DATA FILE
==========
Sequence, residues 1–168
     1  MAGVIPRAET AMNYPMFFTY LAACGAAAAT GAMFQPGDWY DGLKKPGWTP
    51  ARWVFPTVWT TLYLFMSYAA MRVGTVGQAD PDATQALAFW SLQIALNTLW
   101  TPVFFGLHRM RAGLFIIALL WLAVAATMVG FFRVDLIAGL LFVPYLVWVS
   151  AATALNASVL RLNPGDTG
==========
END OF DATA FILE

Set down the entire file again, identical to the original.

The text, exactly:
Sequence, residues 1–168
     1  MAGVIPRAET AMNYPMFFTY LAACGAAAAT GAMFQPGDWY DGLKKPGWTP
    51  ARWVFPTVWT TLYLFMSYAA MRVGTVGQAD PDATQALAFW SLQIALNTLW
   101  TPVFFGLHRM RAGLFIIALL WLAVAATMVG FFRVDLIAGL LFVPYLVWVS
   151  AATALNASVL RLNPGDTG